From email from the Land Trust of the Upper Arkansas:
The Land Trust of the Upper Arkansas is pleased to invited you to the showing of “Green Fire: Aldo Leopold and a Land Ethic for Our Time”. The documentary will be screened from 6:00 – 7:30 Friday, February 17th at Salida Mountain Sports, 110 N. F Street.
The documentary explores Leopold’s life in the early 20th century and the many ways his land ethic ideas continue to this day. It also deals with the influence his ideas have had in shaping the conservation movement as we know it. The film was produced by the Aldo Leopold Foundation, the U.S. Forest Service and the Center for Humans in Nature.
Please join us in watching this documentary. Cost will be $ 3.00 for adults and children under 12 are free. For more information give us a call at the Land Trust, 539-7700.
Here’s the announcement from the Colorado Coalition of Land Trusts:
The Colorado Coalition of Land Trusts is pleased to invite you to join us for Conservation Excellence 2012. With over 40 sessions to choose from and CE credits available for attorneys, real estate professionals and appraisers, we’re confident that this is a “must attend” conference for:
Land Trust staff and volunteers
Local Government Open Space staff
College students and faculty
Others interested in Conservation in Colorado
Date: March 12-13
Location: The Cable Center (map)
More conservation easements coverage here and here.
Click on the thumbnail graphic to the right for yesterday’s Colorado Snowpack map from the Natural Resources Conservation Service.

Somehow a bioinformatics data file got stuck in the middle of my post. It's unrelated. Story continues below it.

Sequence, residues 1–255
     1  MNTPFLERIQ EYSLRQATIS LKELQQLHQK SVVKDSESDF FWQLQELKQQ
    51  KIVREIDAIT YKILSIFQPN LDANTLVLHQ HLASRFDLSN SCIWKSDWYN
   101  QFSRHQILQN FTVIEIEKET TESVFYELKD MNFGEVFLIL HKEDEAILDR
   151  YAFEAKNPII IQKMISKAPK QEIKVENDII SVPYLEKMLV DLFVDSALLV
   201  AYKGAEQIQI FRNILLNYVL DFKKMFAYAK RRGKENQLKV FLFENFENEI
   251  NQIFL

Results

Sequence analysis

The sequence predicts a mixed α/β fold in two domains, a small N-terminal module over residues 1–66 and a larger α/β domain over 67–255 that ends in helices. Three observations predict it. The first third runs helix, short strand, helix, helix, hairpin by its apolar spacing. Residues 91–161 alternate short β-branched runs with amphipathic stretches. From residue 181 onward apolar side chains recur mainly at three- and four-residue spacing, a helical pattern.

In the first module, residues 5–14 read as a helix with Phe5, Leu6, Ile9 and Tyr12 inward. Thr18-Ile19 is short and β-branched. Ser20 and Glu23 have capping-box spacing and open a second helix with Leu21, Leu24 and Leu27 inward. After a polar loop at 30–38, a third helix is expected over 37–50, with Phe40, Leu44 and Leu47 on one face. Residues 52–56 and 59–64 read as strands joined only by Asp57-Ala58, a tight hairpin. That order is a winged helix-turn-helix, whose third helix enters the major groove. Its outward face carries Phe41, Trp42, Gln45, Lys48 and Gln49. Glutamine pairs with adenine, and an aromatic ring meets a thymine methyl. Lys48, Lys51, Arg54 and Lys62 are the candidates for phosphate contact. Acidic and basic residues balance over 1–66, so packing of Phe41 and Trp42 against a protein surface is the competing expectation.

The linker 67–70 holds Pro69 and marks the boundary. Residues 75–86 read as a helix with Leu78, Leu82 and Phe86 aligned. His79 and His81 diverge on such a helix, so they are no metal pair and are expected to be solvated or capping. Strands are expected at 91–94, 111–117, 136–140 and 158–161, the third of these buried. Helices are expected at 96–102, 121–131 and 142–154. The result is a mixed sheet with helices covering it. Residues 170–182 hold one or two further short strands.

From the Summit County Citizens Voice (Bob Berwyn):
A series of storms [ed. over the past week] brought on and off snow to the Rockies, with Wolf Creek reporting a 35-inch total for the week, while Steamboat tallied 28.5 inches. Silverton measured a weekly total of 25 inches and Telluride benefited with 23 inches. Farther north, Loveland and Winter Park both picked up 21.5 inches of new snow for the week with 20 inches at Monarch, Copper Mountain and Purgatory at Durango Mountain Resort.
Click through for all the pictures of fresh tracks.
From the Summit County Citizens Voice (Bob Berwyn):
“It’s an enigma,” said Klaus Wolter, with the CIRES Climate Diagnostics Center. In an email updating the SWCasts website, Wolter wrote: Record-snow around here in early February is not something I would typically associate with La Niña, but will come in handy if the mountains west of us remain starved for moisture (despite some minor storms during the upcoming week).”[…]
Wolter was referring to record snow in northeastern corner of the Colorado mountains, west of Fort Collins and Boulder, where he recorded 162 inches for the season to-date at 8,500 feet, the most he’s seen in 22 years. The bottom line is that the outlook for February – March period is on the dry side for the Southwest, including most of Colorado’s mountains, with the exception of the East San Juans and the Sangre de Cristo mountains.
But Wolter said the next few weeks should be a little more active, with a progressive weather pattern off the Pacific chipping away at this winter’s moisture deficit – call La Niña’s last gasp.
The Rifle City Council has agreed to move forward with construction of a new $25 million water treatment facility to be built along Highway 6 near the city’s raw water intake. The action came in a 5-2 vote in a special council meeting held Feb. 6.
Although the city government expects to finance the project with a low-interest loan from the state, the new plant will cause rates for city water customers to double. However, City Council is also considering asking voters to approve a 0.5 percent sales tax increase to help pay off the debt, which would lessen the burden on customers…